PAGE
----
Many e-commerce firms provide online payment services. A local newspaper quoted its source as reporting that the number of e-wallets in Vietnam is double the number in countries with strong e-commerce foundation such as the US, Europe and Japan.
However, Vietnamese online shoppers named foreign names such as PayPal, PayPass, AliPay and Apple Pay when asked about the payment service providers they know. Meanwhile, very few Vietnamese can remember e-wallet names.
By May 2016, Vietnam had had 16 e-wallets. FPT Wallet has become the 16th firm with license from the State Bank of Vietnam to provide online payment service.
However, V-FPT, the e-wallet of FPT Wallet, only supports the payment for the customers and stalls on Sendo.vn only, an e-commerce website also belonging to FPT.
The wallet still doesn’t have the network of payment points large enough to satisfy customers’ diversified demand. Originating from Senpay, the payment instrument from Sendo.vn, the FPT’s wallet can only be valid within the trading floor.
Many other wallets have been launched by e-commerce websites also just to serve the payment demand of the websites. Some wallets have been issued just to allow users to buy prepaid phone cards and game products issued by the wallet service providers.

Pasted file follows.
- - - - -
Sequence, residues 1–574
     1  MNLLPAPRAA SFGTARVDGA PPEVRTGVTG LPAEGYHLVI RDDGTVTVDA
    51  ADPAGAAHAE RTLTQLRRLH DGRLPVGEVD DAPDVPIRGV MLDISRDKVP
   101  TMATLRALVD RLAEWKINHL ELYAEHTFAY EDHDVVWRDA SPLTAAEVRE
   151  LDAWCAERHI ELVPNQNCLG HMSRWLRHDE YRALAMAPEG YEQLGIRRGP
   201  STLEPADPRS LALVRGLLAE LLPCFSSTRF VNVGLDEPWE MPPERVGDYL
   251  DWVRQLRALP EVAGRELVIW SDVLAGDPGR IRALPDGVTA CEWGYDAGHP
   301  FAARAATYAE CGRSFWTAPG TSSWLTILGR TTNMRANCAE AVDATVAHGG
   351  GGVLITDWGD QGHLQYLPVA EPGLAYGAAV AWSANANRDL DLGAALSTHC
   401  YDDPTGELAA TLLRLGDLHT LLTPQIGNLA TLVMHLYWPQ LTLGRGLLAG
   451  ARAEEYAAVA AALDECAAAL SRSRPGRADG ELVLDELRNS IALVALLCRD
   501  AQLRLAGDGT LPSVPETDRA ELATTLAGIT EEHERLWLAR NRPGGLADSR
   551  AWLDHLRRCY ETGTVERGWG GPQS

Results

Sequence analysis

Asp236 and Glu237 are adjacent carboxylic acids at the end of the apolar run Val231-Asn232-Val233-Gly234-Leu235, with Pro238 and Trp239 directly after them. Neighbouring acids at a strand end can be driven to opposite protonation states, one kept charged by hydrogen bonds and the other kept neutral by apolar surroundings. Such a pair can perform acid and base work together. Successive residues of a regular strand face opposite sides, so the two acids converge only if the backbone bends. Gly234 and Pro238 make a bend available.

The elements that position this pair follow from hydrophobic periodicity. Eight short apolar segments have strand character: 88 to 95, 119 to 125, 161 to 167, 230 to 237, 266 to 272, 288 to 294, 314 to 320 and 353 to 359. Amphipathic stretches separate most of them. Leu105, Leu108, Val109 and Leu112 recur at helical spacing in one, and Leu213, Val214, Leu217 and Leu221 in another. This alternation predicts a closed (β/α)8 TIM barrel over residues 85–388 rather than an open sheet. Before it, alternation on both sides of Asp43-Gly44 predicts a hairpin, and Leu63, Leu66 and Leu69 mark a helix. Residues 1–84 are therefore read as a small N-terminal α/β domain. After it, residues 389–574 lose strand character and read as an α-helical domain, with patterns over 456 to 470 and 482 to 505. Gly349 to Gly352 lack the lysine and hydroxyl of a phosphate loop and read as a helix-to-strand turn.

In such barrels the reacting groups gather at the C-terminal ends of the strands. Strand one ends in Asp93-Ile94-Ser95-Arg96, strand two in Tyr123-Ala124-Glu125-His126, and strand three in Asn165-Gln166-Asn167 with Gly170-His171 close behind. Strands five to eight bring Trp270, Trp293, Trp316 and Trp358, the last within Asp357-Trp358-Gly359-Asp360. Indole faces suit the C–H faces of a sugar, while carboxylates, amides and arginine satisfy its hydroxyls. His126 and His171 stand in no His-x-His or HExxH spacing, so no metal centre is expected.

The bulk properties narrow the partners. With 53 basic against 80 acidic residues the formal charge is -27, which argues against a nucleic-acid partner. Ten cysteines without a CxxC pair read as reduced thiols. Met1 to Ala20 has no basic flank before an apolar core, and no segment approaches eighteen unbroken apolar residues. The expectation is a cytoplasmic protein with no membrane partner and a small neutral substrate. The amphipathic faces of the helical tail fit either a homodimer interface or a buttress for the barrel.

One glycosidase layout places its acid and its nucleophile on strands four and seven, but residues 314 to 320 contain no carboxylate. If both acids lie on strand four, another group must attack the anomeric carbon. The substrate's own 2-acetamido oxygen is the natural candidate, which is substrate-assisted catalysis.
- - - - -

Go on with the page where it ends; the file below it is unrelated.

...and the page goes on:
In principle, e-wallets also provide services to serve users’ other requirements, including the payment for electricity, water and internet bills, or software copyright. However, the number of such transactions is modest.
Commenting about the future of e-wallets in Vietnam, a representative of M_Service, the owner of MoMo Wallet, said in order to survive, the payment tool must be upgraded to be able to provide diverse services.
Users want to use the wallets for different purposes, either to pay for cinema tickets, air tickets, or pay for goods and services by installments, not just for basic things such as remitting/receiving money, withdrawing money and paying for bills.
An analyst said that in the near future, e-wallet service providers would have to cooperate with banks on a ‘symbiosis mechanism’. If so, this would allow the cash flow in or out of e-wallets quickly and easily. Some e-wallets allow users to hand in money into their accounts via phone cards.
Nguyen Ngoc Dung, deputy chair of VECOM (the Vietnam E-commerce Association), said that previously, the online payment tool lacked both the legal framework and financial investment to develop. But nowadays, e-wallets can develop well thanks to the close connection with the banking system.